Presented as a first-person account of wealth and depravity, “Classical Scenes of Farewell” presents a blood red landscape of sexual perversion and the cruelty of privilege. In preparing his scene, Mr. Shepard writes:

“I was born Etienne Corillaut of Pouzauges, in the diocese of Lucon, and am know as Poitou, and I am now of twenty-two years of age, and here acknowledge to the best of my abilities the reasons for those acts that have made this name along with my master’s the object of hatred throughout the region. . . . My master is Gilles de Rais, whom I have served as page and then bodyservant for these last six years; and for the past three, se he first offered access to the full chamber of his secrets, he and I with five others I will name have been responsible for the entrapment and mutilation and dismemberment and death of one hundred and forty-two children between the ages of five and fifteen.”

Mr. Shepard uses the historic truth of the case and crafts the tale as a monologue, as Poitou’s meditation on evil. Granted, his presentation of Poitou’s descent from potential victim to victimizer supreme is effective, if ghoulish. But “Classical Scenes of Farwell,” like “Netherlands” before it, reads as an uncomfortable hybrid, a blend of hellbent (in this case particularly) research grafted onto poetic artifice. The result presents as an above-average term paper presented at an exclusive Manhattan Montessori school.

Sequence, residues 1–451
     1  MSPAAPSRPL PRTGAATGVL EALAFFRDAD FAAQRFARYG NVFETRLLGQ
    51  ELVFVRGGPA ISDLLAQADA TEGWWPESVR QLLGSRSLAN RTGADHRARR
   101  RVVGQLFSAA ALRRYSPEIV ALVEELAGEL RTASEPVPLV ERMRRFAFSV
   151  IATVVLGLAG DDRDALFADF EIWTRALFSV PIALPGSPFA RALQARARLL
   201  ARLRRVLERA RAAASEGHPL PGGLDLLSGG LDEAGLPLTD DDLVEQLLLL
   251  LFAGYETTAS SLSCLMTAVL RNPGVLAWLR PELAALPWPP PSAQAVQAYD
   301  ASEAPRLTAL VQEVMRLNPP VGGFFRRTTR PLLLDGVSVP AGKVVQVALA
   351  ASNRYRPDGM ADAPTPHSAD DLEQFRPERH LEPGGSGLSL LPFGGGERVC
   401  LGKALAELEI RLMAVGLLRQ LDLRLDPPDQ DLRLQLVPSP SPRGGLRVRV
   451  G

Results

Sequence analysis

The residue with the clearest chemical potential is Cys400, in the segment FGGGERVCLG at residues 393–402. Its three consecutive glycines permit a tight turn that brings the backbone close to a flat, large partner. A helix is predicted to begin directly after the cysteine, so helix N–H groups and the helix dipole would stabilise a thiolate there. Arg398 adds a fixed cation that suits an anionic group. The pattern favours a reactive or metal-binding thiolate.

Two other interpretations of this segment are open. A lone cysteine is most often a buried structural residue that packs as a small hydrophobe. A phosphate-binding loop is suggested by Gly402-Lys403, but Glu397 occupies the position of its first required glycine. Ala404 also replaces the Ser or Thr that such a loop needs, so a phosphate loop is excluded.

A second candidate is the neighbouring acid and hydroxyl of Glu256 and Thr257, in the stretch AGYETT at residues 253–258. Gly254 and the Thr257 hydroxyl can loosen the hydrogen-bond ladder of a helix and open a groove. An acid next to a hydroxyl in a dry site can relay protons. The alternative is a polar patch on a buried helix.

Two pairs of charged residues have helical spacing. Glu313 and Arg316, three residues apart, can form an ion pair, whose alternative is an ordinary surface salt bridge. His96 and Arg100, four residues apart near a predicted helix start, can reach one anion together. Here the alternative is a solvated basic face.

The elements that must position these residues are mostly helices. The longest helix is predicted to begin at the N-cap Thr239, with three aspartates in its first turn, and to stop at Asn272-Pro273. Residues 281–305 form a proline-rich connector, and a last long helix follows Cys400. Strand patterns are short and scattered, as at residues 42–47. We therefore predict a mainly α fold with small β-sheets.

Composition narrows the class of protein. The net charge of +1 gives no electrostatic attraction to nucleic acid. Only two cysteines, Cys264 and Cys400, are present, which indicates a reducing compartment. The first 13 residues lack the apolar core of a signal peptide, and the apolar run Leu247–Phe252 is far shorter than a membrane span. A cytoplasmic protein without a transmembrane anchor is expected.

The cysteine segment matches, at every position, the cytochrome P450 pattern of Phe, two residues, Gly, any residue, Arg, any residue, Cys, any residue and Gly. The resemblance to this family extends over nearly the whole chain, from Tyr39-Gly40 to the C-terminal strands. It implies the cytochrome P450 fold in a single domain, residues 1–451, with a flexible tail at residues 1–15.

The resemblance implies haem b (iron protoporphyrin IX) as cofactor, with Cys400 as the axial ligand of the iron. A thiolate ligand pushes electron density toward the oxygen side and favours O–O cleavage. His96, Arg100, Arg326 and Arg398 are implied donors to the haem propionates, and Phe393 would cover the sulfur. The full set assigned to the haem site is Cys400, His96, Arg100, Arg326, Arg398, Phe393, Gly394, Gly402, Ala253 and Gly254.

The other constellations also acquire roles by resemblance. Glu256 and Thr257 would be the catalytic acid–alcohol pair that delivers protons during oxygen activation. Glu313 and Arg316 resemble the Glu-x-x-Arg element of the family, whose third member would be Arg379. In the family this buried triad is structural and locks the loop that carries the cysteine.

More effective are the stories that Mr. Shepard permits to just be stories. Things told through plot and character. Both “Boys Town,” a sad tale of a drunken mother and a violent son and his dog; and “The Track of the Assassins,” a story of British woman, her guide, their muleteer, a few donkeys, and a bizarre march through what is likely the harshest terrain on Earth to the Citadel of Assassins (best known, perhaps by the video game of the same name) succeed because they give us a reference point in humanity that other stories lack.

But the best comes last, with “Poland Is Watching,” the story in which Mr. Shepard finally triumphs, in that he manages a blend of his innate need to anchor his story in research, this time of what it takes to do a winter climb of a Himalayan peak (“Greg Child’s Thin Air: Encounters in the Himalayas,” “Mark Jenkins’ ‘Ice Warriors,’” and “Anatoli Boukreev’s Above the Clouds,” among others), with a solid story detailing the threads of love of home and hearth that tug at the men who reach for mountaintops, nearly pulling them off the mountain. In this story, better than any other, Mr. Shepard works both head and heart to create a work of fiction that does what fiction does best as it illuminates, enlightens, and entertains.

Jim Shepard is a wordsmith, no doubt. He weaves a sentence as a spider does its web. Would that the resulting structure would leave the reader feeling a little less like an ensnared fly that, having expended all its energy in trying to escape, now waits in horror to be consumed.